This experiment is designed to show how fluoride protects the calcium in eggshells against the softening effects of acid. Fluoridated toothpaste is used to coat part of an egg, which is then soaked in vinegar for several hours. The vinegar will soften the toothpaste-free part of the egg shell, while the part covered by toothpaste remains hard. The action of the vinegar on the eggshell parallels the action of acid-forming sugars and bacteria on unprotected tooth enamel.
Wash and dry a room-temperature egg and coat it with a toothpaste containing fluoride. Apply the toothpaste in a coat at least ¼ inch thick and fill in any air bubbles. Wash and dry another room-temperature egg but don't coat it with toothpaste; this is your control egg.
Use a spoon to place each egg in the bottom of a wide-mouthed jar or drinking glass. Pour white vinegar into the glasses, deep enough to cover the eggs. Rest the bowl of a teaspoon across the top of each egg to hold them down in the vinegar if they float. Leave the eggs undisturbed in the vinegar for 7 hours.
Bubbles will form on the shell of the unprotected egg while it is soaking in the vinegar. This is a result of the calcium dioxide gas formed by the acid in the vinegar reacting with the calcium carbonate in the eggshell and dissolving it. (See Reference 3) Dental plaque forms acids which dissolve the calcium in tooth enamel in the same fashion, albeit more slowly.
Use a slotted spoon to remove the eggs carefully from the vinegar. Rinse the toothpaste off the coated egg. Gently rinse the vinegar off the control egg. Gently pat both eggs dry. Feel the shells; the shell of the egg that was protected by the fluoride in the toothpaste will still be hard, while the shell of the control egg will be very soft and fragile. If it is not, put it back in the vinegar until it is (up to 5 more hours).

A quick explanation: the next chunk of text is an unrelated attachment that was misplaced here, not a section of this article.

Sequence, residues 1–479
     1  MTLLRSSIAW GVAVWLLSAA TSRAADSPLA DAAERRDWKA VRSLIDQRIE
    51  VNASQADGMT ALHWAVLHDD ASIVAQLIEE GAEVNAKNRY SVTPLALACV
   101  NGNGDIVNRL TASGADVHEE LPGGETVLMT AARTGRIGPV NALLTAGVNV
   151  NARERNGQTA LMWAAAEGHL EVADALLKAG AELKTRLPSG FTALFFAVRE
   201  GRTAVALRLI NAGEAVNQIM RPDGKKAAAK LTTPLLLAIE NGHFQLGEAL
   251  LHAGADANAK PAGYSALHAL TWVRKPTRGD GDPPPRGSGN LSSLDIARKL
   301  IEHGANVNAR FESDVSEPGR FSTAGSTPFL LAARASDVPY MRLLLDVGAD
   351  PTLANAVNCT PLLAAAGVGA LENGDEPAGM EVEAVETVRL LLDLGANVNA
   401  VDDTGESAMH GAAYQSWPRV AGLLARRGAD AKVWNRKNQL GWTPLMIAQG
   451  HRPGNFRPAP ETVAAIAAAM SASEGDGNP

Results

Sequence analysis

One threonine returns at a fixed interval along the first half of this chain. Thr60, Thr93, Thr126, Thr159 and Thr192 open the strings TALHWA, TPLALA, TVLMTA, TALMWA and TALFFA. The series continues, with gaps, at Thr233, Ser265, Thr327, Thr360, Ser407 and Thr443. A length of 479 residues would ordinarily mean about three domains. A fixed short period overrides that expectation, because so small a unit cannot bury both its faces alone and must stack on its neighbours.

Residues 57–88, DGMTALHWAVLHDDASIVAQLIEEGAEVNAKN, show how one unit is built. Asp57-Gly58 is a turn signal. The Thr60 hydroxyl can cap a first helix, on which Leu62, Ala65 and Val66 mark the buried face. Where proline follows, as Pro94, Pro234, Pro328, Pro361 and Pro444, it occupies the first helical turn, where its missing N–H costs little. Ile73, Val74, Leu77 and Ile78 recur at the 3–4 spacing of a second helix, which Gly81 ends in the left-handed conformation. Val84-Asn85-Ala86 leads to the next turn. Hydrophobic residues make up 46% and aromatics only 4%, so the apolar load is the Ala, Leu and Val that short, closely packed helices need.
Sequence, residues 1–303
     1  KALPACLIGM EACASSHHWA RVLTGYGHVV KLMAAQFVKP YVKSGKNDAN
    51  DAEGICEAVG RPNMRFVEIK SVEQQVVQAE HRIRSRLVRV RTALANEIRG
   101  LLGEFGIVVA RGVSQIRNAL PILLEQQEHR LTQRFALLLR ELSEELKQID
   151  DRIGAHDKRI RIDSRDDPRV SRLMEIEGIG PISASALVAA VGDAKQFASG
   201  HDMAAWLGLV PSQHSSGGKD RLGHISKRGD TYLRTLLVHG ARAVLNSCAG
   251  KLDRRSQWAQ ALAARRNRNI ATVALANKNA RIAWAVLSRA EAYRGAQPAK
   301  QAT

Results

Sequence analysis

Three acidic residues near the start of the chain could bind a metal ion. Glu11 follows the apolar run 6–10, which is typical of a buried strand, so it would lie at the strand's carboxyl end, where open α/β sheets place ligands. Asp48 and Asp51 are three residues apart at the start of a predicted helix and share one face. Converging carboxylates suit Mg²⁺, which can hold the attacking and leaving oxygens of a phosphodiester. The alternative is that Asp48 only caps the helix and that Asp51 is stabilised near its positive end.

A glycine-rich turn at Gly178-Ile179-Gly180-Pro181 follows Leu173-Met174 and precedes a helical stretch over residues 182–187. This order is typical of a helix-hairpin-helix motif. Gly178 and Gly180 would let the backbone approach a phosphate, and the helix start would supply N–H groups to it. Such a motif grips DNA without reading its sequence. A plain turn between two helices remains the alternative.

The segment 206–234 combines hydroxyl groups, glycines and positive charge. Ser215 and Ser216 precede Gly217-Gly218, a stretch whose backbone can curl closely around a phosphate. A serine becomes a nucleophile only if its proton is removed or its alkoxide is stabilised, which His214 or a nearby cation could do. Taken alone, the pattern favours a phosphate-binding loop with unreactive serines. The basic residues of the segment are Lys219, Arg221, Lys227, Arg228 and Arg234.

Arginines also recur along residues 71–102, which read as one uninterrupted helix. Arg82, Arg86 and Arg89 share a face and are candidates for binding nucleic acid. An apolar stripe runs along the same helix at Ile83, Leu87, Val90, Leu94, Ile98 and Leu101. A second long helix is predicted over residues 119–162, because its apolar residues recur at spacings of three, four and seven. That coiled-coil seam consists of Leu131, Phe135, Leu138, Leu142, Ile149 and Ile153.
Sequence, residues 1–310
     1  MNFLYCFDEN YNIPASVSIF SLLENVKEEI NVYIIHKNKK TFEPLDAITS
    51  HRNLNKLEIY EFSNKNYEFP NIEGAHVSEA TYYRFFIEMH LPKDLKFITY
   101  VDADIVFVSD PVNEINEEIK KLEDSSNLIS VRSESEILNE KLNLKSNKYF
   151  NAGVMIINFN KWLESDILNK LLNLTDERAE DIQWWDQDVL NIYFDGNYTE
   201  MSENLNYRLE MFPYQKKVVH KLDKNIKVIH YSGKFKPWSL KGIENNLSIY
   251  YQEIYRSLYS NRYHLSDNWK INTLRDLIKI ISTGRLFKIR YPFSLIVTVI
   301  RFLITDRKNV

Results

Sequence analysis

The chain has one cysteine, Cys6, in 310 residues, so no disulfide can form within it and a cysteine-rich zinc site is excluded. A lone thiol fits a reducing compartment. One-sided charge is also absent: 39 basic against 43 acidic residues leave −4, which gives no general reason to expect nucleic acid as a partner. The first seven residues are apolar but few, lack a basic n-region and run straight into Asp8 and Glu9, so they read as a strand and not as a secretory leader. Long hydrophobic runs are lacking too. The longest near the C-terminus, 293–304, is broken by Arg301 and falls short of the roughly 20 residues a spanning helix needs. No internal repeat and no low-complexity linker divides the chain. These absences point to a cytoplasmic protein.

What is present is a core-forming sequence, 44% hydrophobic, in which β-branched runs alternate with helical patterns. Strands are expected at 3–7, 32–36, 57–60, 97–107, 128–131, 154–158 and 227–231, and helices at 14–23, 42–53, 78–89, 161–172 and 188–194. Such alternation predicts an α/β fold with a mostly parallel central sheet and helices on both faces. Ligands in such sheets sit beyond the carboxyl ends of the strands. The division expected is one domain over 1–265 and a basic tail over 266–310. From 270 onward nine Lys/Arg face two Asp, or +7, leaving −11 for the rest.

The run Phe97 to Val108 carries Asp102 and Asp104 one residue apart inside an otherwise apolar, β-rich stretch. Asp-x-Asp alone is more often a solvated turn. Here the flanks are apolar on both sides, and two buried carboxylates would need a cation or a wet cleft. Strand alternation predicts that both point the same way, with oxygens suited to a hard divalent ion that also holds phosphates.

The fluoridated toothpaste protected the eggshell from the acid in the vinegar, while the vinegar leached the calcium from the control egg and dissolved the shell away from the egg's membrane. If you want to expand this experiment, try using additional eggs covered with non-fluoridated toothpaste and soaking coated and non-coated eggs in plain water.
About the Author
Siva Stephens has been a writer since she could hold a pencil. She has written newspaper articles, medical manuals, advertising copy and gags for cartoonists. Stephens has been publishing online since 2004, most recently as a contributing author for the Oregon Encyclopedia Project.
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